On July 30, 2008, President Bush signed the Housing and Economic Recovery Act of 2008 (the “Act”) into law. The Act contains a number of provisions relevant to issuers and borrowers of tax-exempt bonds. In particular, the Act provides for the following:
Repeal of AMT for Multifamily Housing Bonds, Single Family Mortgage Revenue Bonds and Qualified Veterans’ Mortgage Bonds. Under the Internal Revenue Code (the “Code”), interest on most qualified private activity bonds is subject to the alternative minimum tax (the “AMT”). Because holders of bonds subject to the AMT must report interest on the bonds in calculating their federal tax liability under the AMT, the interest rate paid by borrowers on such bonds is generally higher than that borne by bonds not subject to the AMT. The Act exempts interest on multifamily housing bonds, single family mortgage revenue bonds and qualified veterans’ mortgage bonds issued on or after July 30, 2008 from the AMT. Notably, this provision does not apply to interest on refunding bonds unless interest on the refunded bond (or the original bond, in a series of refundings) was not subject to the AMT. The Act also provides that interest on multifamily housing bonds, single family mortgage revenue bonds and qualified veterans’ mortgage bonds is not required to be taken into account by corporations in calculating adjusted current earnings under the AMT.
Increase in Volume Cap Authority For Multifamily Housing Bonds and Single Family Mortgage Revenue Bonds. The Act authorizes an additional $11 billion of volume cap issuance authority in 2008 for the issuance of multifamily housing bonds and single family mortgage revenue bonds the proceeds of which are used to finance (or, in limited circumstances, refinance – see below) owner-occupied residences. For these purposes, the additional volume cap authority is allocated to the states on the basis of the following formula:
$11,000,000,000 x volume cap for the state
sum of volume cap for all states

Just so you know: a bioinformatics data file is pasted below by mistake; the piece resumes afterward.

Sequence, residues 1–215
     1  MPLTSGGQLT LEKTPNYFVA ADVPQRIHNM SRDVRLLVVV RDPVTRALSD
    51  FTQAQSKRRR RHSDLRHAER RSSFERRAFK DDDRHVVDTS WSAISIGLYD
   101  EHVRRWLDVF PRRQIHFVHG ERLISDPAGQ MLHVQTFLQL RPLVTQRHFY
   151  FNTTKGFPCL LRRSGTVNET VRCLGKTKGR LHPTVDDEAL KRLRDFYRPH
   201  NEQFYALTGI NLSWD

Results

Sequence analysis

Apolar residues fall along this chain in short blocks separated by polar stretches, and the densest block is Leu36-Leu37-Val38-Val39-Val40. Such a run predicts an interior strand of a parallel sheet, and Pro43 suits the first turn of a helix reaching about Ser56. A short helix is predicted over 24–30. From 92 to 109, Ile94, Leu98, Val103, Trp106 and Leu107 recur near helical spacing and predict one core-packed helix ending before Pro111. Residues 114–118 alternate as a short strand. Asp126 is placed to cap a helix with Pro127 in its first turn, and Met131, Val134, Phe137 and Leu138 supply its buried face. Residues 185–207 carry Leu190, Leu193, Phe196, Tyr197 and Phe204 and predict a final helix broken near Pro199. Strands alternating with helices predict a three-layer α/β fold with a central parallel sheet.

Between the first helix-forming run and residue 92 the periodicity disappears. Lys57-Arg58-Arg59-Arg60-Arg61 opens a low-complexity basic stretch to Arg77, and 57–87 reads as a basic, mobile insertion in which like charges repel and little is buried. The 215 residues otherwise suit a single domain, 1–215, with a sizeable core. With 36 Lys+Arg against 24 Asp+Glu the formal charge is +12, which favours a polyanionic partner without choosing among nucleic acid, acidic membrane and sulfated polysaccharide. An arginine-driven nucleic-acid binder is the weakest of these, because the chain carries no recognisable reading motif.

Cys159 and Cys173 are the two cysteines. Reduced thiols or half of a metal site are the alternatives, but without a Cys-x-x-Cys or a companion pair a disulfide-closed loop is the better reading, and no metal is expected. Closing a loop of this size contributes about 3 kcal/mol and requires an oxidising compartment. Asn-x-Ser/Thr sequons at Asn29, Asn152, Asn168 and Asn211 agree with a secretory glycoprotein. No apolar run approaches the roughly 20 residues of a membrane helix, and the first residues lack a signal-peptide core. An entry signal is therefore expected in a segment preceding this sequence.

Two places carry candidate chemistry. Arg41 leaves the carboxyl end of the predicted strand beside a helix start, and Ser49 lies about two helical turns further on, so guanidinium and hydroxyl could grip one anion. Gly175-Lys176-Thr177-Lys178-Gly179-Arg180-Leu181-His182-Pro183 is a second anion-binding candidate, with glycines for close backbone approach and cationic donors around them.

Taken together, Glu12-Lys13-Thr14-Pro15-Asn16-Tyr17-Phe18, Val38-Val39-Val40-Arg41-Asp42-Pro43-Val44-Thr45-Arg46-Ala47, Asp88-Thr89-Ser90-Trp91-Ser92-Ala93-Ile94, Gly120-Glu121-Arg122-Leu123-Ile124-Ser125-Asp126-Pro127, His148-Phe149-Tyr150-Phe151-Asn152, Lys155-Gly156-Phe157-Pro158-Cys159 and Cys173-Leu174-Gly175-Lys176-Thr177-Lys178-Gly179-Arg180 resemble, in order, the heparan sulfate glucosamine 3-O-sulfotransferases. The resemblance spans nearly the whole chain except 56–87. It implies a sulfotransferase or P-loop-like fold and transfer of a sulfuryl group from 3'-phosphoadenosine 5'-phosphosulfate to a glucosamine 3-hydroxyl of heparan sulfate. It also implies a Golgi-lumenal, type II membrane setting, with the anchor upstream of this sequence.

The additional volume cap authority authorized by the Act may be carried forward through the year 2010, but may not be used for any bond other than multifamily housing bonds or single family mortgage revenue bonds.
Refunding Treatment For Volume Cap Authority Used to Finance Multifamily Housing Bonds. Under Section 146 of the Code, assuming certain other requirements are satisfied, volume cap authority is not required for the issuance of bonds to refund qualified private activity bonds subject to the volume cap limitation. The Act adds a new rule to Section 146, which provides that, if, during the 6-month period beginning on the date of repayment of a loan the proceeds of which were used to finance a qualified multifamily housing facility, such repayment is used to finance a new qualified multifamily housing facility, any bond issued to refinance such issue shall be treated as a refunding issue so long as the principal amount of the new issue does not exceed the principal amount of the refunded issue. Thus, the bonds issued to finance the new multifamily housing facility will not require volume cap authority and shall, notwithstanding the fact there are different obligors on the two loans, be treated as a refunding of the prior issue. This new rule applies only to one new issue, and only if (1) the new issue is issued no later than 4 years after the date of issue of the original issue, (2) the latest maturity date of any bond of the new issue is not later than 34 years after the date on which the original issue was issued, and (3) the new issue is approved in accordance with Section 147(f) of the Code (i.e., the issuer undertakes a “TEFRA approval”). Refunding treatment is afforded only to repayments of loans received after July 30, 2008.
Exception to the New Mortgage Requirement For Single Family Mortgage Revenue Bonds. In general, tax-exempt single family mortgage revenue bonds may only finance mortgages for homebuyers who did not have an ownership interest in a principal residence in the 3 years preceding the execution of the tax-exempt financed mortgage, and may not be used to refinance mortgages or acquire existing mortgages. The Act creates an exception to these rules for bonds issued to refinance “qualified subprime loans.” “Qualified subprime loans” include adjustable rate single-family residential mortgage loans made after December 31, 2001 and before January 1, 2008 that the issuer determines would be reasonably likely to cause financial hardship to the borrower if the loan were not refinanced.